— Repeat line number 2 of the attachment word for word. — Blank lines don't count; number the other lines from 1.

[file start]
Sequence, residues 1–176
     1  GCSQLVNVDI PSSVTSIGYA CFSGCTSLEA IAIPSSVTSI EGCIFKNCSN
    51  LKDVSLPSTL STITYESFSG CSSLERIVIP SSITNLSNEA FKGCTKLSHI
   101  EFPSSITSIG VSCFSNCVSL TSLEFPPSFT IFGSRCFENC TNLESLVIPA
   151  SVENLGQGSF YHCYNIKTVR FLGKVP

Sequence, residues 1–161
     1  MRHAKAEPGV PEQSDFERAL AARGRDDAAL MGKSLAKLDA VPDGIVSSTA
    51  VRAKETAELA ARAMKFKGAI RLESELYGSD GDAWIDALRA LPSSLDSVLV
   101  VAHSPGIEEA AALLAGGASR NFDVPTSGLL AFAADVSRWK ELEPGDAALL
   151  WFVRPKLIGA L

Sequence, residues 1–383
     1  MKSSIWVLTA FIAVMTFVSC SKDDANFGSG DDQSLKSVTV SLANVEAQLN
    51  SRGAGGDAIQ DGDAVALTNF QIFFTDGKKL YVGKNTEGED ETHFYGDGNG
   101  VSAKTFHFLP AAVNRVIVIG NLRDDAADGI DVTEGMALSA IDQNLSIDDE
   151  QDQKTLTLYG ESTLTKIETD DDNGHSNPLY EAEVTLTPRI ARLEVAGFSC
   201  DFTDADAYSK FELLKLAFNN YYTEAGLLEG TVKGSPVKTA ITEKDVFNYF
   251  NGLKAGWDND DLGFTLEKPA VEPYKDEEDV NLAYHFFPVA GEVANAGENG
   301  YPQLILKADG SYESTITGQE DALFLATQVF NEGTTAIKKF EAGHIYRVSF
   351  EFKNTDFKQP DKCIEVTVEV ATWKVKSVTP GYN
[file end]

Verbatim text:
     1  GCSQLVNVDI PSSVTSIGYA CFSGCTSLEA IAIPSSVTSI EGCIFKNCSN